Rare dis­ease play­er rakes in a meaty $81M in Spain's biggest ever pri­vate biotech fundraise

Fund­ing rounds in the Unit­ed States for the life sci­ences in­dus­try of­ten dwarf fi­nanc­ing in Eu­rope. Looks like rare dis­ease biotech San­i­fit is an anom­aly. On Wednes­day, the Span­ish drug de­vel­op­er un­veiled a near­ly $81 mil­lion boun­ty — Spain’s largest-ever pri­vate biotech fundraise — ahead of a piv­otal study for its lead ex­per­i­men­tal drug.

San­i­fit, which was spun out of the Uni­ver­si­ty of the Balearic Is­lands in 2007, is work­ing on a treat­ment for cal­ci­phy­lax­is, a rare dis­ease char­ac­ter­ized by cal­ci­um ac­cu­mu­la­tion in small blood ves­sels of the fat and skin tis­sues — which lead to blood clots, skin ul­cers and po­ten­tial­ly life-threat­en­ing in­fec­tions.

The dis­ease, es­ti­mat­ed to af­fect about 30,000 glob­al­ly, typ­i­cal­ly af­flicts those with chron­ic kid­ney dis­ease. Al­though treat­ments such as painkillers are used to man­age symp­toms, there are no drugs ap­proved to treat the eti­ol­o­gy of the dis­ease — which is what San­i­fit’s SNF472 is de­signed to do.

The small mol­e­cule, de­rived from nat­ur­al sources, is en­gi­neered to have an affin­i­ty for hy­drox­ya­p­atite (HAP) crys­tals — the key com­po­nent in cal­ci­fi­ca­tion de­posits. SNF472 binds to the growth sites of HAP, there­by thwart­ing their for­ma­tion.

Joan Perel­ló Bioib

Last year, SNF472 was shown to help cal­ci­phy­lax­is pa­tients un­der­go­ing dial­y­sis in a Phase II study — a piv­otal study is slat­ed to kick off in the fourth quar­ter. Mean­while, a sep­a­rate mid-stage study test­ing the drug’s ef­fect in slow­ing ar­te­r­i­al cal­ci­fi­ca­tion, a ma­jor risk fac­tor for car­dio­vas­cu­lar dis­ease in pa­tients on dial­y­sis, is ex­pect­ed to read out by the end of the year.

“When we have ad­di­tion­al da­ta avail­able, we will eval­u­ate our op­tions…be it pri­vate fi­nanc­ing or an IPO,”  San­i­fit co-founder and chief Joan Perel­ló told End­points News.

For now, the com­pa­ny has 20 em­ploy­ees — it is head­quar­tered in Pal­ma, Spain, where the in­tel­lec­tu­al prop­er­ty is housed and pre­clin­i­cal re­search and man­u­fac­tur­ing take place. It al­so has op­er­a­tions in San Diego, where a bulk of the clin­i­cal de­vel­op­ment is con­duct­ed.

So far, San­i­fit has raised rough­ly $130 mil­lion, in­clud­ing the Se­ries D round an­nounced on Wednes­day. This round en­com­passed €17 mil­lion in con­vert­ible bonds as well as €55.2 mil­lion in fi­nanc­ing, led by Spain’s Caixa Cap­i­tal Risc, with par­tic­i­pa­tion from Colum­bus Ven­ture Part­ners and Al­ta Life Sci­ences, in ad­di­tion to an in­ter­na­tion­al con­sor­tium of ex­ist­ing share­hold­ers in­clud­ing Lund­beck­fonden Ven­tures, Ys­ios Cap­i­tal, For­bion Cap­i­tal Part­ners, Gilde Health­care, An­dera Part­ners, HealthE­quity and sev­er­al pri­vate in­di­vid­u­als.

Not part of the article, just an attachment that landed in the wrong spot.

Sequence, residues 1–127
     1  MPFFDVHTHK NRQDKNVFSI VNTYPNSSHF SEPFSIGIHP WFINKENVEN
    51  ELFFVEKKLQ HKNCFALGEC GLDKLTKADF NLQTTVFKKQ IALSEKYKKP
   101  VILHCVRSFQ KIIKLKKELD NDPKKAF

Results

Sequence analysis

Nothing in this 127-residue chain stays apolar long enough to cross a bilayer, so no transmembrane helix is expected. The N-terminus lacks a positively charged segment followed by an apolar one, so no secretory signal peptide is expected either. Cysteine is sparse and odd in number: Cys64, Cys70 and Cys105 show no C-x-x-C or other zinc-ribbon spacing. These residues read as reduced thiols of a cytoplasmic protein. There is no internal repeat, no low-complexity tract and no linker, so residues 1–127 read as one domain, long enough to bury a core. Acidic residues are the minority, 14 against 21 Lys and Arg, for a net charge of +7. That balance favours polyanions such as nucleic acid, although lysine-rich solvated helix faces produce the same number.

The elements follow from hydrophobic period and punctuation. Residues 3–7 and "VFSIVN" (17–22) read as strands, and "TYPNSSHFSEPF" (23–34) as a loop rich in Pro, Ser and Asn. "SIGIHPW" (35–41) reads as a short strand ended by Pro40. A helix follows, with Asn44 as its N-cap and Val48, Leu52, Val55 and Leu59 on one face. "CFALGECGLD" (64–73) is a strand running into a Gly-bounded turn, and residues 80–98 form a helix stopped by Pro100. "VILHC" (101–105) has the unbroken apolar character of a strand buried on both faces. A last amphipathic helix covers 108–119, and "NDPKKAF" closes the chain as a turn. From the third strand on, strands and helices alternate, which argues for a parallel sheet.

“The land­scape of life sci­ences in Spain is grow­ing sig­nif­i­cant­ly. When we start­ed the com­pa­ny…there were no…ven­ture cap­i­tal­ists, al­most no biotech com­pa­nies,” Perel­ló not­ed.

As the Span­ish gov­ern­ment of­fers low-in­ter­est cred­it and in­cen­tives dur­ing the start­up and growth phas­es of life sci­ence com­pa­nies, ac­tiv­i­ty in the South­west­ern Eu­ro­pean coun­try has picked up. Last year, Take­da swal­lowed TiGenix, a Eu­ro­pean cell ther­a­py com­pa­ny head­quar­tered in Bel­gium with op­er­a­tions in Madrid, Spain.

2023 Spot­light on the Fu­ture of Drug De­vel­op­ment for Small and Mid-Sized Biotechs

In the context of today’s global economic environment, there is an increasing need to work smarter, faster and leaner across all facets of the life sciences industry.  This is particularly true for small and mid-sized biotech companies, many of which are facing declining valuations and competing for increasingly limited funding to propel their science forward.  It is important to recognize that within this framework, many of these smaller companies already find themselves resource-challenged to design and manage clinical studies themselves because they don’t have large teams or in-house experts in navigating the various aspects of the drug development journey. This can be particularly challenging for the most complex and difficult to treat diseases where no previous pathway exists and patients are urgently awaiting breakthroughs.

Up­dat­ed: FDA re­mains silent on or­phan drug ex­clu­siv­i­ty af­ter last year's court loss

Since losing a controversial court case over orphan drug exclusivity last year, the FDA’s Office of Orphan Products Development has remained entirely silent on orphan exclusivity for any product approved since last November, leaving many sponsors in limbo on what to expect.